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  3. We're going to need something much better than 50% effective in the medium term. Coronavirus immunity doesn't typically last more than a few years, so it could be that many people already infected will be susceptible to reinfection eventually. If everyone is immunized with 50% effective vaccine, it would certainly help contain outbreaks and have them grow more slowly, but we might need to undergo further lockdowns in future in combination and continue social distancing. I'd be decidedly on the fence about taking an untested vaccine to gain perhaps 50% chance of immunity (and you don't know if you're immune until its too late! A bit of Russian roulette).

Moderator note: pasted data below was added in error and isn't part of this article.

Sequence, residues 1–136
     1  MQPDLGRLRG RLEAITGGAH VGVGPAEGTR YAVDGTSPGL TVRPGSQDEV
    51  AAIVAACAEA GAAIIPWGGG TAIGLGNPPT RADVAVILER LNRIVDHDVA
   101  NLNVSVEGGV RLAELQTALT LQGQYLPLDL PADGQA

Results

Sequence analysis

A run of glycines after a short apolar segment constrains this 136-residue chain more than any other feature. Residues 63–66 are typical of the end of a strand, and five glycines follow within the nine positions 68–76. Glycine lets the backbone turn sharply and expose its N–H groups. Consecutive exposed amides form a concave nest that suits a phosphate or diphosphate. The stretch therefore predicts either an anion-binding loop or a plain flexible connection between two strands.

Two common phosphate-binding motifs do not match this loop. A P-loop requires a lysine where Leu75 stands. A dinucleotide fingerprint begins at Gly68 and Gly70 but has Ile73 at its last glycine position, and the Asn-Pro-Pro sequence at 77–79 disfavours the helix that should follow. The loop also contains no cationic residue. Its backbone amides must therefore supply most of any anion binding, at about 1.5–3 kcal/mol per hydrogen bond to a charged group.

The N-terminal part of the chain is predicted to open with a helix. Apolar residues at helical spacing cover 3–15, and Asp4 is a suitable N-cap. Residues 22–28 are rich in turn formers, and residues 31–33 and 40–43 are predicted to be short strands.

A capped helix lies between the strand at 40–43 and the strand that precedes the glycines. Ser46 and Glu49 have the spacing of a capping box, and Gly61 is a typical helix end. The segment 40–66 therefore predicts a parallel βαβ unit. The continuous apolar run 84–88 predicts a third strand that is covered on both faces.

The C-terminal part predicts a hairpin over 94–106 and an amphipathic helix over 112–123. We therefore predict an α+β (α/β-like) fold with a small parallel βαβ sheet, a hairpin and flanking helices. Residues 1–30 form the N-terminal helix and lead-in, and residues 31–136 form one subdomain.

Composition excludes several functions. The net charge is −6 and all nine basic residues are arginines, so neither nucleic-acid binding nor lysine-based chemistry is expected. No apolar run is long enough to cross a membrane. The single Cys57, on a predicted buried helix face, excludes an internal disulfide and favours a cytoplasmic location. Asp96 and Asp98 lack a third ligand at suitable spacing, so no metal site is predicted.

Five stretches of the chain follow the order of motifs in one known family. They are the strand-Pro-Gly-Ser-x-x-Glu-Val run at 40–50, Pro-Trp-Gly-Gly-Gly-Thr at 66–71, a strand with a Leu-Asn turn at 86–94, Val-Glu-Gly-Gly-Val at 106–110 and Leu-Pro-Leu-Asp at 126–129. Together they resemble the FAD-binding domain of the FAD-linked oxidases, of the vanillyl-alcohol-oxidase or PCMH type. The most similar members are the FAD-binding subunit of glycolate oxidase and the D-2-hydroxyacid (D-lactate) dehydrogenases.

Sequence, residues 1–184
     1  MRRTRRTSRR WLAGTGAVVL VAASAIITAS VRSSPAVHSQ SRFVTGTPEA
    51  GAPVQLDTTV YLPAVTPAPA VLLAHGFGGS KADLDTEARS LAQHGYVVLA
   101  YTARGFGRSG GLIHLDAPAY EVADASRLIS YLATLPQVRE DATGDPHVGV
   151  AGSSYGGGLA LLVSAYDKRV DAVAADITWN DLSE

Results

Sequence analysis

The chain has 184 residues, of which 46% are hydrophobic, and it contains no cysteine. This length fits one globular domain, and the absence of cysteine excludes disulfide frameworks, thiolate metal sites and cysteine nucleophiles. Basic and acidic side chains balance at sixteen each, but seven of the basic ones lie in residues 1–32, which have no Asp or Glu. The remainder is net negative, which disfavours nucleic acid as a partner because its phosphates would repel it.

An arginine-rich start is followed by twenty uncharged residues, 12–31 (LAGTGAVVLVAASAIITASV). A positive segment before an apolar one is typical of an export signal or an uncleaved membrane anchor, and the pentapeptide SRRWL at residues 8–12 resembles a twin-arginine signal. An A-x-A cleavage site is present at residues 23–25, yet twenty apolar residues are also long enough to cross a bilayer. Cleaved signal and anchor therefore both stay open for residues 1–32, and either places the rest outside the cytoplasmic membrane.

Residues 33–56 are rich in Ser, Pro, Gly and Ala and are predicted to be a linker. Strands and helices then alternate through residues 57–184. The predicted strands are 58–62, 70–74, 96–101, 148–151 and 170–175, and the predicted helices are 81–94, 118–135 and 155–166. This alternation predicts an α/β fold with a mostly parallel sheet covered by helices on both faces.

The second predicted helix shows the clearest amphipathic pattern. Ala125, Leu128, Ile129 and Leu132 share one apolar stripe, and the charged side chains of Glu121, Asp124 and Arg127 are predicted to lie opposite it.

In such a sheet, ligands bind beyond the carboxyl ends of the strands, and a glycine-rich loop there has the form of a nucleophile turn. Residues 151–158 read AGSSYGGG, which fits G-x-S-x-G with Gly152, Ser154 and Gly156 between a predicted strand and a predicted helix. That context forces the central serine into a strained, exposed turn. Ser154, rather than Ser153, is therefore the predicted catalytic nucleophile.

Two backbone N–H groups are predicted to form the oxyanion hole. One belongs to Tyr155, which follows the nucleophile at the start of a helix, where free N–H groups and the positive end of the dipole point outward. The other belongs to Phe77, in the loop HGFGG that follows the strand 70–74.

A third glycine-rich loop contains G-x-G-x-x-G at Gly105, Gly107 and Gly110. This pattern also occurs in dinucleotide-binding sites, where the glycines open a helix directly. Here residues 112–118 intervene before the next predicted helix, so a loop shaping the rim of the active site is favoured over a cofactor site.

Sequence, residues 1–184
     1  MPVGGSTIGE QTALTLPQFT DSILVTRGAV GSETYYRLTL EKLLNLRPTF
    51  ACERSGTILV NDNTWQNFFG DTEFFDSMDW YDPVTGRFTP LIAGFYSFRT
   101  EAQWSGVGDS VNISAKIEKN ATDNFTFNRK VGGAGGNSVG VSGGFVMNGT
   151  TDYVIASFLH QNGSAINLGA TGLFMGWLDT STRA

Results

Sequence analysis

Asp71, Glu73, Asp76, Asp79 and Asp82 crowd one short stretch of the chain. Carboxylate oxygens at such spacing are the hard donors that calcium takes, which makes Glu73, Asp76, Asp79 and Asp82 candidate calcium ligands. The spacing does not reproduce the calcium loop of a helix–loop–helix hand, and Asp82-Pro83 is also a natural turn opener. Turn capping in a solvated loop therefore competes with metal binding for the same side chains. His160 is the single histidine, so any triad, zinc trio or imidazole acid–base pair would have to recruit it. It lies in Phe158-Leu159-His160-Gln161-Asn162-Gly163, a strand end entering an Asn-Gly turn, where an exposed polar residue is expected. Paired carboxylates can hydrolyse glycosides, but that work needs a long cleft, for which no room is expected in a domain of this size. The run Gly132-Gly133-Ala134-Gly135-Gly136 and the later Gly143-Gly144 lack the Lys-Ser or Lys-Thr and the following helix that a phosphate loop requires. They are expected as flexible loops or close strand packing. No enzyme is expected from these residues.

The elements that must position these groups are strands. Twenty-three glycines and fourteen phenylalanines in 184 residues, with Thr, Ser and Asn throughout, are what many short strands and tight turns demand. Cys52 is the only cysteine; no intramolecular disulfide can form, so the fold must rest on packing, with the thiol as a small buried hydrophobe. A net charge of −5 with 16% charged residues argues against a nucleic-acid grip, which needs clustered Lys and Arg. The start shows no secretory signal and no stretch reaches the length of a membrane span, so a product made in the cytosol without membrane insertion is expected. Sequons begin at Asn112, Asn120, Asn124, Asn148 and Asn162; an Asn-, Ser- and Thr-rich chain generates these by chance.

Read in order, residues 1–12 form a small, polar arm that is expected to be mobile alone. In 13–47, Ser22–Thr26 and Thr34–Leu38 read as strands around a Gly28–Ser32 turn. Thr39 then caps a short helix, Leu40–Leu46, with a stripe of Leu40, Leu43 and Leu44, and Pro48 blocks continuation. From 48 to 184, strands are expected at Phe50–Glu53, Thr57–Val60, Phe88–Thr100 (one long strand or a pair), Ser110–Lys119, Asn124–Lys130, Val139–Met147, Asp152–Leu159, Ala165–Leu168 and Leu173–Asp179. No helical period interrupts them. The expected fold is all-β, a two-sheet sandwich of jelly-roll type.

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  4. I hope you are just sarcastic here. It is terrible how that virus has become politicised. 
    It must hurt some people, that there is a rather large observational study from Belgium out, that says that Hydroxichloroquine given at the right dose reduces the rate of fatalaties by 30%. 
    Apparently in other studies people were given much higher than the recommended dose and that had negative effects.
    One has to ask why? The doctors who did that should be questioned.

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  5. The optimist in me says at least on of the vaccines will be quite effective. I hope that I will have access to it. I am fed up with being inconvenienced by regulations.